You can't blame Bill for trying to find out where you keep it hidden.

  10. #10
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    Re: One Pond, Two Views

    Quote Originally Posted by pnodrog View Post
    I always try and avoid tree tops with blank white sky showing through. You could select the white and clone some of the green bush making it look as if the forest just continued up behind them.
    Mmm, thinking about your comment, not sure I concur.

    Maybe it is just me, but I think the trees, only just mask a little mystery, what is it that is further on out there.

    For me the "central passage" leads you to want to go further on
    Last edited by rawill; 3rd December 2012 at 04:41 PM.

  11. #11
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    Re: One Pond, Two Views

    Quote Originally Posted by rawill View Post
    Mmm, thinking about your comment, not sure I concur.

    Maybe it is just me, but I thinnk the trees, only just mask a little mystery, what is it that is further on out there.

    For me the "central passage" leads you to want to go further on

    It is the blank white that I try and avoid. If I can see blue sky or clouds I am happy about it. The problem is common in bush/forest and waterfall photographs due to exposure and dynamic range limitations and could be cured by using HDR techniques but usually the areas concerned are so small and easy to manage that HDR is normally a bit of overkill.

    In relation to the above photographs it is just personal preferences but I do see many photographs where it definitely needs to be addressed.

  12. #12
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    Re: One Pond, Two Views

    Thanks, all for taking the time to review and for your helpful comments.

    The "blank white" gaps that Paul refers to are a real consideration (and nuisance) when shooting in this particular area because it's located fairly deeply in a valley, and many shots are directed upward toward the rim, and with it, the requisite sky patches. These can create miserable exposure challenges because I usually shoot early in the morning, and it is DARK down there relative to the areas above the rim.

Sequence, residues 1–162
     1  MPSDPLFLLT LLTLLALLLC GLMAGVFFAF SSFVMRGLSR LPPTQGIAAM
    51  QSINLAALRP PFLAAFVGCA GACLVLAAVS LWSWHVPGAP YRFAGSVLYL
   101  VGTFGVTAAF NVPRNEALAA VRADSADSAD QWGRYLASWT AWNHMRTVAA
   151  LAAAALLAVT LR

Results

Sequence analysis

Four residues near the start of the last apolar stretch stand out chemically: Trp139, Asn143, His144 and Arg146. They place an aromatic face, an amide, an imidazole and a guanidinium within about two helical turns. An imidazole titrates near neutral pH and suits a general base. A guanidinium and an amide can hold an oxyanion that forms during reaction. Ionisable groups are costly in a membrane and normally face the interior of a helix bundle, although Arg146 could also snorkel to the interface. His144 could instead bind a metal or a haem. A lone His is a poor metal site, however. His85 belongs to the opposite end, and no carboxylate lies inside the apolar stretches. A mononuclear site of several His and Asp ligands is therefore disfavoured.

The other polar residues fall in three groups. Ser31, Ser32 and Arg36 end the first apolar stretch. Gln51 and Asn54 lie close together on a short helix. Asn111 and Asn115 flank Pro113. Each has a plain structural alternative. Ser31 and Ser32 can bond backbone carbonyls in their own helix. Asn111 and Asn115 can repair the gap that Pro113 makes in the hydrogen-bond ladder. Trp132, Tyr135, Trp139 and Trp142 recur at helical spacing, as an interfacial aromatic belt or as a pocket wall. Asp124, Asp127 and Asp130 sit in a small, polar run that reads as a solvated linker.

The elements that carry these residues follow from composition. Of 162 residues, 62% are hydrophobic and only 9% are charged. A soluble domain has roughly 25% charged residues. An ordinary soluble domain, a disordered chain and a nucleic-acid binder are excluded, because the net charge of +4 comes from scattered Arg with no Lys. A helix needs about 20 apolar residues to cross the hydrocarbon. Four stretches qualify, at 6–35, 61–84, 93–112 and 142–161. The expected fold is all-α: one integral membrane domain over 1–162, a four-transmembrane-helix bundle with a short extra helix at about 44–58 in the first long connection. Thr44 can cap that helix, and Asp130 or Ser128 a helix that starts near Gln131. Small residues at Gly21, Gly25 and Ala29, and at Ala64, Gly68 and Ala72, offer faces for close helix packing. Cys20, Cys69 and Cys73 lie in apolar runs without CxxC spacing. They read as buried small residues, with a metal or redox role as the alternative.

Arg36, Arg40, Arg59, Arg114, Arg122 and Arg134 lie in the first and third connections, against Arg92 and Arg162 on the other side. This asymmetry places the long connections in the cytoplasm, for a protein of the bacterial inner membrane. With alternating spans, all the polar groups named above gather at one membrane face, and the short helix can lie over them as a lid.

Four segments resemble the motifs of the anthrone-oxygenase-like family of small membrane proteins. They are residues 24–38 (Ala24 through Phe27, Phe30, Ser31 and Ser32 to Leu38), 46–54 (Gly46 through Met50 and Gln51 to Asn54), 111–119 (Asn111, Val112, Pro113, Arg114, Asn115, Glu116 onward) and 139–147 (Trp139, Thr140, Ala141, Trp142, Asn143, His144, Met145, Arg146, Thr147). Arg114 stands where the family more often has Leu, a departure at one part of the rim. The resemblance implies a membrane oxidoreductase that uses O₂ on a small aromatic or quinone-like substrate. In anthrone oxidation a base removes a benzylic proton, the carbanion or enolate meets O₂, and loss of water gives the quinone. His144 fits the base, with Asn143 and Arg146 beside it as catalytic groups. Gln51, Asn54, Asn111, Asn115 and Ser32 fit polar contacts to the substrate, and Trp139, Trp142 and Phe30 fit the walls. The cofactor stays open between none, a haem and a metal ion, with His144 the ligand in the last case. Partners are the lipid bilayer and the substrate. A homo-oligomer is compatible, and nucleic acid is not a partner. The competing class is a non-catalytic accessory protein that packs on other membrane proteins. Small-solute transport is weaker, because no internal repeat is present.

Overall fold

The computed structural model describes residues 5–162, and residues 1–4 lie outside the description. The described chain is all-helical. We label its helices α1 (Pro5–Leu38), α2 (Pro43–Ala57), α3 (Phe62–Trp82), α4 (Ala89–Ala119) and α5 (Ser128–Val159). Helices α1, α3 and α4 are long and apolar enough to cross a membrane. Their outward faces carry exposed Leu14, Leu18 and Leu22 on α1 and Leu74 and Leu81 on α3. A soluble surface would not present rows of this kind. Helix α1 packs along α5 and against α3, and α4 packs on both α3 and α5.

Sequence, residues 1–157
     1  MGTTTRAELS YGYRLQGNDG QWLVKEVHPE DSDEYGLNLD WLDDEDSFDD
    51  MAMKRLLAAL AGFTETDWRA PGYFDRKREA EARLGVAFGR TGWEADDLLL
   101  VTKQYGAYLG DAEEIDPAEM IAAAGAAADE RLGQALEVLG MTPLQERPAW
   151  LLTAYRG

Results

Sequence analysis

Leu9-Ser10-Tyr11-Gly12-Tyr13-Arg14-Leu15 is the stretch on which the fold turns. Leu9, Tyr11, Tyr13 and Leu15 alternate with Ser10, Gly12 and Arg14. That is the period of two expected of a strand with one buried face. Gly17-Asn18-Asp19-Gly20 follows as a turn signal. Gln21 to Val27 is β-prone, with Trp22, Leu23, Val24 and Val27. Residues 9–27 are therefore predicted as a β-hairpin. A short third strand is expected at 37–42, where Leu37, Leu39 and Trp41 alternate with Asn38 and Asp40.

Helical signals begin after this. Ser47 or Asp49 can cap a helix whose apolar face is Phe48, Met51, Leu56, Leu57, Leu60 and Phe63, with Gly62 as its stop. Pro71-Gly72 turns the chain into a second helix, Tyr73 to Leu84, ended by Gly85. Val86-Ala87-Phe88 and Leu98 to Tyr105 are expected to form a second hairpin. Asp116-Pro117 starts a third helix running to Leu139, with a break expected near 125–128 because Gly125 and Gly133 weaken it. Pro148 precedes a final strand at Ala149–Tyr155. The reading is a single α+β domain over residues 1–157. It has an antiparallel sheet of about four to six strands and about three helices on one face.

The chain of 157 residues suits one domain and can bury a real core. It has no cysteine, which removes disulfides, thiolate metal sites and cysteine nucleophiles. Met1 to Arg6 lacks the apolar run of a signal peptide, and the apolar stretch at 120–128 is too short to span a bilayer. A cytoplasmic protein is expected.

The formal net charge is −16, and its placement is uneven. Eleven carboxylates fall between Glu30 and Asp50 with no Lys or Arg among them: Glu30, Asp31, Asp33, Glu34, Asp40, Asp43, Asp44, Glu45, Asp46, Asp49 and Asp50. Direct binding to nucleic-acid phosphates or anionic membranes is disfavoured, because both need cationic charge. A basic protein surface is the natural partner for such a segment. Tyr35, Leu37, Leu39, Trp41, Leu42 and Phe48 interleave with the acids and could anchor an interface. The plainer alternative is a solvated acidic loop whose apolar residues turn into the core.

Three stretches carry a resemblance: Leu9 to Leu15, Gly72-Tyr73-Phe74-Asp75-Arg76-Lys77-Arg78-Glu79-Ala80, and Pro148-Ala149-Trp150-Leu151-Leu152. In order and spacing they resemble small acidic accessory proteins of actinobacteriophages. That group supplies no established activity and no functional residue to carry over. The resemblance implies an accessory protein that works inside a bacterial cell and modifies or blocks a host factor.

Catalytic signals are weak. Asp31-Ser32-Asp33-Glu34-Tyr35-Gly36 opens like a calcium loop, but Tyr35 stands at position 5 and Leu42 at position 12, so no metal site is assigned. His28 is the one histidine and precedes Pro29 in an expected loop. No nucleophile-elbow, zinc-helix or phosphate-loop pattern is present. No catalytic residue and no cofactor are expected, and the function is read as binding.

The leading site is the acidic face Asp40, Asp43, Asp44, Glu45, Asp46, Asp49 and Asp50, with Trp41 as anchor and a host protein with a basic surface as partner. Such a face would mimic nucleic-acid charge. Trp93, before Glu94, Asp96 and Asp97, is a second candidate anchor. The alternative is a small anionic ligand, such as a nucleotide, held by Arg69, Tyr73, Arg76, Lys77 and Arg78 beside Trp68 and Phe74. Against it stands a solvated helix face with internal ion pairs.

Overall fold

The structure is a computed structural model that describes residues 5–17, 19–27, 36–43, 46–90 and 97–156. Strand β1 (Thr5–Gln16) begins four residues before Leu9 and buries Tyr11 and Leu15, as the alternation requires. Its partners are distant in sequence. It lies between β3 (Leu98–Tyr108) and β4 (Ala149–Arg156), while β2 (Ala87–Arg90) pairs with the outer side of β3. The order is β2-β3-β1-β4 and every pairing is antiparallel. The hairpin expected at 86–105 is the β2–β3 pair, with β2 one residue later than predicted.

I do try at some length to avoid these either with framing, HDR, or the pp cloning and adjustment brush approach Paul refers to. As a compromise, I've come to accept a small amount of these patches so long as they dont become dominant. I have a whole batch of these shots from just a couple of years ago (pre-CiC for me) that I would be embarrassed to show now for their blown highlights.

    Bill- These are taken in the Old Man's Cave area of the Hocking Hills in southeast Ohio. Well worth a long weekend drive as there are multiple areas that are quite photogenic. Give me a holler if you ever plan a trip and I'll fill you in.

    Kevin

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    Re: One Pond, Two Views

    Kevin, I too prefer the wider view of #3. However, I didn't think it had the impact it might have. I hope you don't mind but I played around with some different compositions both vertical and horizontal. I used a 3:2 frame which I prefer in landscapes. I won't post them here and take over your thread but just to let you know I came up with 5 variations on your theme. If you play with it some more I think you can too.

  14. #14
    kdoc856's Avatar
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    Re: One Pond, Two Views

    Steve,

    I'd be delighted to have you post your edits. For me it's much easier to see it than translate long interpretive narratives, and I learn a ton from it. Thanks so much for taking the time. I'm anxious for a look

    Kevin

    PS
    My younger daughter graduated from Univ. of Montana in Missoula, and has a number of friends from Billings. I'm afraid we have lost her geographically to the West, she just loves it out there.

  15. #15